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Nail gun injuries in apprentice carpenters: risk factors and control measures.

Authors
Lipscomb-HJ; Dement-JM; Nolan-J; Patterson-D
Source
Am J Ind Med 2006 Jul; 49(7):505-513
NIOSHTIC No.
20030532
Abstract
Background Nail guns increase residential construction productivity but their use is associated with risk of injury. Methods Active surveillance data from 772 apprentice carpenters were used to document the injury risk associated with the use of nail guns and the potential impact of modifiable risk factors. Using reported work hours and nail gun injuries injury rates per 200,000 hr worked in the past year were calculated. Using estimates of hours of tool use, Poisson regression was used to calculate adjusted rate ratios for injury associated with time in the trade, trigger mechanism on the tools and training prior to injury. Results Forty-five percent of these apprentices had sustained a nail gun injury; injury rates in the past year based on hours of work were considerably higher than previously recognized. Those with less than 1 year in the trade compared to those with more than 5 years experience (RR = 2.7; 95% CI 1.2, 5.9) and those with no training in tool use (RR = 2.9; 95% CI 1.9, 4.4) were at greatest risk. After adjusting for experience and training, the rate of injury was twice as high with tools with a contact trip trigger compared to those with a sequential trigger (RR = 2.0; 95% CI 1.2, 3.3). Conclusions Preventive measures should include change to the safer sequential trigger that prevents unintentional firing and early training in safe tool use. Because of the high prevalence of use of tools with contact trip triggers the greatest number of injuries among these apprentices could be prevented with an engineering solution.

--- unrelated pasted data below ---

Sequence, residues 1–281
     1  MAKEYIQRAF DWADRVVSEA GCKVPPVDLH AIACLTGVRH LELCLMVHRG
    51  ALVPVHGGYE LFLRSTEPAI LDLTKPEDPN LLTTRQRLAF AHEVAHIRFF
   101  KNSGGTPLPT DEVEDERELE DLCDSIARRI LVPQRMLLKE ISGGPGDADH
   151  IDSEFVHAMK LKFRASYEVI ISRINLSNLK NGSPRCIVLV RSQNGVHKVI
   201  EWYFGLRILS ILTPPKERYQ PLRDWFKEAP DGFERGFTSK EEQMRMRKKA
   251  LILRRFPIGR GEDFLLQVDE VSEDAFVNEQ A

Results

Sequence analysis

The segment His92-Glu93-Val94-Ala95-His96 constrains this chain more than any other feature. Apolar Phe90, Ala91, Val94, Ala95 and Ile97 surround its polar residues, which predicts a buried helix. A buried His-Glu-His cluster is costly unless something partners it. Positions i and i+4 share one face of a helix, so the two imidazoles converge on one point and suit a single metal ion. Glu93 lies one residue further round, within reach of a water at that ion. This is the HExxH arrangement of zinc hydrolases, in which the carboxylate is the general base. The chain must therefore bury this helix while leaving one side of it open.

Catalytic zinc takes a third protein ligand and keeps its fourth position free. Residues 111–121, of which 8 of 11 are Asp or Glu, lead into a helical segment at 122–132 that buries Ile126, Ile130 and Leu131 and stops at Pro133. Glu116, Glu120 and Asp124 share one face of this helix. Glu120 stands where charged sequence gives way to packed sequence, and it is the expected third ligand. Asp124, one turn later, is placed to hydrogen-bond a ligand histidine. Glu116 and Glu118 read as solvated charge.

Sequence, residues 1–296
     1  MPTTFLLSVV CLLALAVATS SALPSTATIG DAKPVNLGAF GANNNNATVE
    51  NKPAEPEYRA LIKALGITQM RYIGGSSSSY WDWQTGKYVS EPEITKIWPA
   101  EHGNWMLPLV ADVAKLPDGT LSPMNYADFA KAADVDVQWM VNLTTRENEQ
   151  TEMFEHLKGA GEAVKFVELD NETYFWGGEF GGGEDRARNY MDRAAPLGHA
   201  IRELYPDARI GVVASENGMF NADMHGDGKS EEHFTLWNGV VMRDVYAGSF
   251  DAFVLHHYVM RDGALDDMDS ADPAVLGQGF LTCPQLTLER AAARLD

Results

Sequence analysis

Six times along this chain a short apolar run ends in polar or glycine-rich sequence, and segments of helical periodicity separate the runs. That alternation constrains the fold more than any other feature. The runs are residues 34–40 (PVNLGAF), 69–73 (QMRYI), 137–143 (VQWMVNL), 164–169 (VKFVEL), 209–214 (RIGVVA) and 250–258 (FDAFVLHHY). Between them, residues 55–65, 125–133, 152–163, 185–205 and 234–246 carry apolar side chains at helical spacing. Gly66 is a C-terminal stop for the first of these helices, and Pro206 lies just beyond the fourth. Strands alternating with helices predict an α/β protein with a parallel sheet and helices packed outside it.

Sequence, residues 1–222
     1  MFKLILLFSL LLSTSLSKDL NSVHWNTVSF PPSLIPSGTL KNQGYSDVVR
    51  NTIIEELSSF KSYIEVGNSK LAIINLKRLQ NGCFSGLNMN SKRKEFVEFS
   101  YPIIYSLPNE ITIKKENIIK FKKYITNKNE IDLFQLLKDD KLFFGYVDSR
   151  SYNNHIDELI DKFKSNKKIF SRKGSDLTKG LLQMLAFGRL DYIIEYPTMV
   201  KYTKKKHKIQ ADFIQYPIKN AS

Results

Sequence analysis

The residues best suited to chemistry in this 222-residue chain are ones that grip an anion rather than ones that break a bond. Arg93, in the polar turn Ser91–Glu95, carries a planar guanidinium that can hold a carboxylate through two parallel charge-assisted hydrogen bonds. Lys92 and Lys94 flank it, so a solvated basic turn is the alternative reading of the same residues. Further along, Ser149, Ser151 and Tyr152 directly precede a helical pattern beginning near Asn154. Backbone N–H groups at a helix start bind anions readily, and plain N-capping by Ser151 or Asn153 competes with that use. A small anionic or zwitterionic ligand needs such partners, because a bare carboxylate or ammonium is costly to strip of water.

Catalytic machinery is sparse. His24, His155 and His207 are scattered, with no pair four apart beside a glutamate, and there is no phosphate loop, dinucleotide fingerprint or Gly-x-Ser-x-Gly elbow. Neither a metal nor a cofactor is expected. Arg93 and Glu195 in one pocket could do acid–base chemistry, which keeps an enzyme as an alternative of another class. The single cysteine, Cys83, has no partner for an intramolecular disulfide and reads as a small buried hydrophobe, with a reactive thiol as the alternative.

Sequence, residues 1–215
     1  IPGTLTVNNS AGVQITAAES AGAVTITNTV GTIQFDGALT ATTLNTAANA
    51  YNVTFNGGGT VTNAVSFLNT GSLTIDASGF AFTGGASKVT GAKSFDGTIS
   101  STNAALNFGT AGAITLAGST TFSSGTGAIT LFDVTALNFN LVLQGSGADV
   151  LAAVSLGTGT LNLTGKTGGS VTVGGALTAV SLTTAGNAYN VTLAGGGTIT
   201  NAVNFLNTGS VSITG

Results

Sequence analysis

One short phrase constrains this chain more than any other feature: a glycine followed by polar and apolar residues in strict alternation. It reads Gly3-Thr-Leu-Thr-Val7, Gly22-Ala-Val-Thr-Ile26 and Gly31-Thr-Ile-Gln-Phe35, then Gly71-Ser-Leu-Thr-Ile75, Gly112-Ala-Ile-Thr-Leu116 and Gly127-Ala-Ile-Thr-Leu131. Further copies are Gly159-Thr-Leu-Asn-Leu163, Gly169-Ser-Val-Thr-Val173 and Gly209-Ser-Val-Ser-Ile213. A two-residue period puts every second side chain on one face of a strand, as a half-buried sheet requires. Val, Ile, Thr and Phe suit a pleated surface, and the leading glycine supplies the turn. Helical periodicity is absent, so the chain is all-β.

Keywords
Construction; Construction-materials; Construction-workers; Injuries; Pneumatic-tools; Injury-prevention; Epidemiology; Surveillance-programs; Talcosis; Tools; Statistical-analysis; Training
Contact
Department of Community and Family Medicine, Division of Occupational and Environmental Medicine, Box 3834, Duke University Medical Center, Durham, NC 27710
CODEN
AJIMD8
Publication Date
20060701
Document Type
Journal Article
Email Address
hester.lipscomb@duke.edu
Funding Type
Construction; Cooperative Agreement
Fiscal Year
2006
NTIS Accession No.
NTIS Price
Identifying No.
Cooperative-Agreement-Number-U54-OH-008307
Issue of Publication
7
ISSN
0271-3586
Priority Area
Construction
Source Name
American Journal of Industrial Medicine
State
NC; MO; MD
Performing Organization
Center to Protect Workers' Rights
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